Budget shell game

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In the Washington Post today, E.J. Dionne has a must-read column about, of all things, arcane budget details. Republicans in the House and Senate are trying to fiddle with their schedules so that they don’t have to consider tax cuts and spending cuts at the same time—precisely so that the two don’t get linked in the public eye. The reasoning goes like this: tax cuts get made because, well, that’s what happens, and then much later on, spending cuts must be made because of that huge, yawning deficit that somehow magically appeared out of nowhere. It’s a neat trick, and this way the trade-off between dividend tax cuts for investors on the one hand, and cuts in health care for low-income mothers and children on the other, never gets made explicit.

Meanwhile, Mark Schmitt points out the odd hypocrisy of some of the so-called “responsible Republicans” who are voting for free tax cuts one moment, but then refuse any unpopular spending cuts the next. Precisely where do they think the money comes from?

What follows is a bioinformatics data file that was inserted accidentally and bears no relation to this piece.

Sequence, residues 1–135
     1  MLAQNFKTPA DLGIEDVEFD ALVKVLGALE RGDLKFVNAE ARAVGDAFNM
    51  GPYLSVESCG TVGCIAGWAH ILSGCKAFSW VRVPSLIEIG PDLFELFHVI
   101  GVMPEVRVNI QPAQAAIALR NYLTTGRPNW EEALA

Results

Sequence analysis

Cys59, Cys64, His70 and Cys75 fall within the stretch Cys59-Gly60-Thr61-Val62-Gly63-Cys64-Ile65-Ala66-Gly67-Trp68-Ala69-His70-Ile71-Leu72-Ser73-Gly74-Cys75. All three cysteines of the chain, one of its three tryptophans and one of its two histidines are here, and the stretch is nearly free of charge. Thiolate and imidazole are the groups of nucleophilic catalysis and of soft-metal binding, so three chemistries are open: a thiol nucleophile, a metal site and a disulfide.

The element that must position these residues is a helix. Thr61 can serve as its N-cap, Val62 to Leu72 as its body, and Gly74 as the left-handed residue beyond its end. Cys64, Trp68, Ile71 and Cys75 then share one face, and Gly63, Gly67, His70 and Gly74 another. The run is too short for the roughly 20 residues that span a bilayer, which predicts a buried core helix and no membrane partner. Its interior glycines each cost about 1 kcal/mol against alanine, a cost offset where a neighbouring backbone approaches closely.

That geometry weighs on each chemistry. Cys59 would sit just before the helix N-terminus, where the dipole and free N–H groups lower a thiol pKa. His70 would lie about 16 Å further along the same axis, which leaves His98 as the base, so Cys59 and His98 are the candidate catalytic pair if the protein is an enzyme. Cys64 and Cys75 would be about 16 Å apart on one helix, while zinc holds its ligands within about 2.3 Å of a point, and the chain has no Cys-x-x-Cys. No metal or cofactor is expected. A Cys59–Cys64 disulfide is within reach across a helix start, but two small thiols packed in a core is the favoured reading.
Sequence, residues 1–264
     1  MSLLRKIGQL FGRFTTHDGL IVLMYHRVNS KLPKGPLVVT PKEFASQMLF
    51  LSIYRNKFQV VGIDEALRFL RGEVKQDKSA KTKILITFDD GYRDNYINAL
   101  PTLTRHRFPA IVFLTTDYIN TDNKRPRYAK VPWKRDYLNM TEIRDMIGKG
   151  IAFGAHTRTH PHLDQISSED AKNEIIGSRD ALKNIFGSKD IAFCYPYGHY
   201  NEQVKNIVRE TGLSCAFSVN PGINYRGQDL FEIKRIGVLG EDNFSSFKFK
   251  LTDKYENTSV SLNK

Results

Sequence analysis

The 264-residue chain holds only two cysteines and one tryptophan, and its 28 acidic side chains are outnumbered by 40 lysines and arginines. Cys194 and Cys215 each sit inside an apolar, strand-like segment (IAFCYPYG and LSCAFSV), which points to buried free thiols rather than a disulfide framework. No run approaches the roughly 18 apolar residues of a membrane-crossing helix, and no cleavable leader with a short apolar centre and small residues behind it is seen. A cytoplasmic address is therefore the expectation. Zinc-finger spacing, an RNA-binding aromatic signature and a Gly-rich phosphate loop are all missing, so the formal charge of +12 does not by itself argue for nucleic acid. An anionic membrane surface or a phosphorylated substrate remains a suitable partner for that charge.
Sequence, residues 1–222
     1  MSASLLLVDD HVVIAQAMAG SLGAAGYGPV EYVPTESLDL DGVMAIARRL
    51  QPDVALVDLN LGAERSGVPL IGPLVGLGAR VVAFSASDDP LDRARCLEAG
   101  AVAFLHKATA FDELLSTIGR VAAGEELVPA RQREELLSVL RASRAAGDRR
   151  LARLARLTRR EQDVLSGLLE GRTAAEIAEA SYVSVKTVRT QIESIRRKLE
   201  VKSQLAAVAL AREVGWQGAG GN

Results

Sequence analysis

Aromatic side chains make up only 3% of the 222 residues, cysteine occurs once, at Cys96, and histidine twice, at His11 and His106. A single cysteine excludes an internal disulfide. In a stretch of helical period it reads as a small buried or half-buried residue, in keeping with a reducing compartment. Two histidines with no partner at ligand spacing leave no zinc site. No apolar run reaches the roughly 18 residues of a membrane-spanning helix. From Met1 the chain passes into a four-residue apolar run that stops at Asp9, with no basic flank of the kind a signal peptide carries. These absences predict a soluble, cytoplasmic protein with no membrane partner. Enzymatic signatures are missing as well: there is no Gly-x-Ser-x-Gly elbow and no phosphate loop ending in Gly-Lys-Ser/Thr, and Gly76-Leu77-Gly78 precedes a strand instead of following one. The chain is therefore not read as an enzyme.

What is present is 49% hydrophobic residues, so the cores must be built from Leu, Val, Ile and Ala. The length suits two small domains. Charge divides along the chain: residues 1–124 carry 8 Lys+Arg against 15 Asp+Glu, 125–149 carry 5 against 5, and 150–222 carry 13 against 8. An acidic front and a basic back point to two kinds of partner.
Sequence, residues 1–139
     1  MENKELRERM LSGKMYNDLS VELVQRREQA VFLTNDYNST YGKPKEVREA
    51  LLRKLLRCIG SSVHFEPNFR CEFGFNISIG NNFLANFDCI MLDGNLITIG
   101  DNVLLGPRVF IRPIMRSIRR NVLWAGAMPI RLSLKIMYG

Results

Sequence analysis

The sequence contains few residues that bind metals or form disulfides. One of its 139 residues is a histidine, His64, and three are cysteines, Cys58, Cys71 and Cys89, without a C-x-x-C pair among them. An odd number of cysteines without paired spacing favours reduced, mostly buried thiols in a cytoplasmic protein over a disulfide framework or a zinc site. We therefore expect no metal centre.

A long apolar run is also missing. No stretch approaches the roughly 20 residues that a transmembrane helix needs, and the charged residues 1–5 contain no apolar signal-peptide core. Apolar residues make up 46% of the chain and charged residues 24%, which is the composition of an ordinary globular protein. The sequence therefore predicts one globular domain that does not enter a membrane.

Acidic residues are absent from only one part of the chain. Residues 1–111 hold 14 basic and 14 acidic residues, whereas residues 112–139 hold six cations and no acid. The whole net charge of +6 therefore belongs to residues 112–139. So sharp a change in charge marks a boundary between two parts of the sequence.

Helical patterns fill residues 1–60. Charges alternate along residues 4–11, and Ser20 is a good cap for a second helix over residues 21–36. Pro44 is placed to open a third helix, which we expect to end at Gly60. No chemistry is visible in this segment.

HERE ARE THE FACTS:

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As we wrote over the summer, traffic has been down at Mother Jones and a lot of sites with many people thinking news is less important now that Donald Trump is no longer president. But if you're reading this, you're not one of those people, and we're hoping we can rally support from folks like you who really get why our reporting matters right now. And that's how it's always worked: For 45 years now, a relatively small group of readers (compared to everyone we reach) who pitch in from time to time has allowed Mother Jones to do the type of journalism the moment demands and keep it free for everyone else.

Please pitch in with a donation during our fall fundraising drive if you can. We can't afford to come up short, and there's still a long way to go by November 5.

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